- to kill by violence.
- to destroy; extinguish.
- to impress strongly; overwhelm, especially by humor: Your jokes slay me.
- to make a strong impression with: She really slayed her performance last night.
- Obsolete. to strike.
- to kill or murder.
- Slang. to strongly impress or overwhelm someone: His whole album slays.
Origin of slay
SynonymsSee more synonyms on Thesaurus.com
or slay, sleigh
- the reed of a loom.
- the warp count in woven fabrics.
- British. the lay of a loom.
- to draw (warp ends) through the heddle eyes of the harness or through the dents of the reed in accordance with a given plan for weaving a fabric.
Origin of sley
Examples from the Web for slay
“It brings me little joy to approach anyone and slay them,” he said.Beheading Terrorist: Blame Blair
December 4, 2013
Their initiation is to slay an infant in front of its mother in order to remove any semblance of humanity or emotion.‘Game of Thrones’ Season 3 for Dummies
March 27, 2013
But because these tax cuts have powerful, well-connected constituencies, it has been difficult to slay them.Fiscal Cliff Hostage Situation Day 14: The Thelma & Louise Caucus
November 21, 2012
It was only a matter of time before these two enormous egos would clash—and try to slay each other.France's Favorite Philosopher Does Battle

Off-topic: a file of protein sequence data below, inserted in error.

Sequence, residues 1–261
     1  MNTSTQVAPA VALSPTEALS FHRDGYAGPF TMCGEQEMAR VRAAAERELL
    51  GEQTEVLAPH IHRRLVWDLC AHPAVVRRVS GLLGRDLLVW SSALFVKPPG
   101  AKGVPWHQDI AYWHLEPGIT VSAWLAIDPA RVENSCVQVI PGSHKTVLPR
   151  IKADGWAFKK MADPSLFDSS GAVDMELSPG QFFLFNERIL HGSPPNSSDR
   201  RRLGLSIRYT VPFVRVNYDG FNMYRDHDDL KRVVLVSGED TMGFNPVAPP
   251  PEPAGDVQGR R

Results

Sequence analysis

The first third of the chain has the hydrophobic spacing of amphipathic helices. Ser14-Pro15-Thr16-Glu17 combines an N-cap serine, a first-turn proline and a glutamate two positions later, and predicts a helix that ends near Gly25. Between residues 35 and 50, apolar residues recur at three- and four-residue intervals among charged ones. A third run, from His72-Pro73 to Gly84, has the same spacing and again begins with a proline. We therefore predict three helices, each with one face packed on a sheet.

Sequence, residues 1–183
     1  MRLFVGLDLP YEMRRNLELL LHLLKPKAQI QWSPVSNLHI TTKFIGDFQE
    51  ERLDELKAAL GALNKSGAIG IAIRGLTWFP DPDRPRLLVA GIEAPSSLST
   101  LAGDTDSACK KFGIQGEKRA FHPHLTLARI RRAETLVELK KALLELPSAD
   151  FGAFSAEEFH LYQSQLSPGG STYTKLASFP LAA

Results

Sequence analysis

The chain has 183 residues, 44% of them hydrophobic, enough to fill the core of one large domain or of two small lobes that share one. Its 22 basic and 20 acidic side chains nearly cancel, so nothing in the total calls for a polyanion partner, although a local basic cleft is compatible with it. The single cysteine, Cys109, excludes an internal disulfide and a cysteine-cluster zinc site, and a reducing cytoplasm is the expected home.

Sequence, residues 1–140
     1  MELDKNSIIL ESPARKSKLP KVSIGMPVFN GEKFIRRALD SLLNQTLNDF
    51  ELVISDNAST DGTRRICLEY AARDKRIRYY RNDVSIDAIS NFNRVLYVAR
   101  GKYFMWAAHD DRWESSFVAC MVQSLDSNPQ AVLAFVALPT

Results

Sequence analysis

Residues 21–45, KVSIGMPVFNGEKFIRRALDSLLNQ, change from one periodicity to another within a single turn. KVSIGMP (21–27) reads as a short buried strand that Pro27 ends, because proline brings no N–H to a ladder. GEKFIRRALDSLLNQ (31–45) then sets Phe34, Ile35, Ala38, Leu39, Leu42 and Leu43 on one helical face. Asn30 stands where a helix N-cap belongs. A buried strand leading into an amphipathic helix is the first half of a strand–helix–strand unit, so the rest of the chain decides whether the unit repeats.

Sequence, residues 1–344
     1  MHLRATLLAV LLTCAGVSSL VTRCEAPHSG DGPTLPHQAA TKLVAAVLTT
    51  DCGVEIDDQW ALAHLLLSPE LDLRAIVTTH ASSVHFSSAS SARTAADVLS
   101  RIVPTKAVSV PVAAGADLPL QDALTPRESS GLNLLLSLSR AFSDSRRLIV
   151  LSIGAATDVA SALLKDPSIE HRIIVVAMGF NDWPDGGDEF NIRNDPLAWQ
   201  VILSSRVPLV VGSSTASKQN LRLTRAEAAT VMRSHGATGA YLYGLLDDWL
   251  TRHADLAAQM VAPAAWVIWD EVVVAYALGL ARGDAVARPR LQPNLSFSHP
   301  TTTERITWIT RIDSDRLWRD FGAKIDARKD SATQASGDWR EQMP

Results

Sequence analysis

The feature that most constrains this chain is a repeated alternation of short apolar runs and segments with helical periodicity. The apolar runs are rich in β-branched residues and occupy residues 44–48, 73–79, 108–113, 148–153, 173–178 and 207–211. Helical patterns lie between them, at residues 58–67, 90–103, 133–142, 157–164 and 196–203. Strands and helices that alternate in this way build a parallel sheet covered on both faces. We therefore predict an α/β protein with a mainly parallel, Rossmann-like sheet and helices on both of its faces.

Janine di Giovanni
January 21, 2011
Even when she's forced to slay a dragon, she's on autopilot, going through the motions.Alice, Bratty in Wonderland
February 28, 2010
The sphinx did not slay herself until her riddle had been guessed.The Hall of Fantasy (From "Mosses From An Old Manse")
When Cain wished to slay his brother, he was at no loss for a weapon.Earth's Holocaust (From "Mosses From An Old Manse")
I will mend the sword and Siegfried shall use it to slay the dragon.Opera Stories from Wagner
Sometimes they slay their own wives, and invite their neighbours to the repast.Female Scripture Biographies, Vol. II
Francis Augustus Cox
He will slay more men in a day than a troop of horse in a ten-mile chase.Micah Clarke
Arthur Conan Doyle
- archaic, or literary to kill, esp violently
- slang to impress (someone) sexually
- obsolete to strike
Word Origin and History for slay
Old English slean "to smite, strike, beat," also "to kill with a weapon, slaughter" (class VI strong verb; past tense sloh, slog, past participle slagen), from Proto-Germanic *slahan, from root *slog- "to hit" (cf. Old Norse and Old Frisian sla, Danish slaa, Middle Dutch slaen, Dutch slaan, Old High German slahan, German schlagen, Gothic slahan "to strike"). The Germanic words are from PIE root *slak- "to strike" (cf. Middle Irish past participle slactha "struck," slacc "sword").
Modern German cognate schlagen maintains the original sense of "to strike." Meaning "overwhelm with delight" (mid-14c.) preserves one of the wide range of meanings the word once had, including, in Old English, "stamp (coins); forge (weapons); throw, cast; pitch (a tent), to sting (of a snake); to dash, rush, come quickly; play (the harp); gain by conquest."
"instrument on a weaver's loom to beat up the weft," Old English slæ, slea, slahae, from root meaning "strike" (see slay (v.)), so called from "striking" the web together. Hence the surname Slaymaker "maker of slays."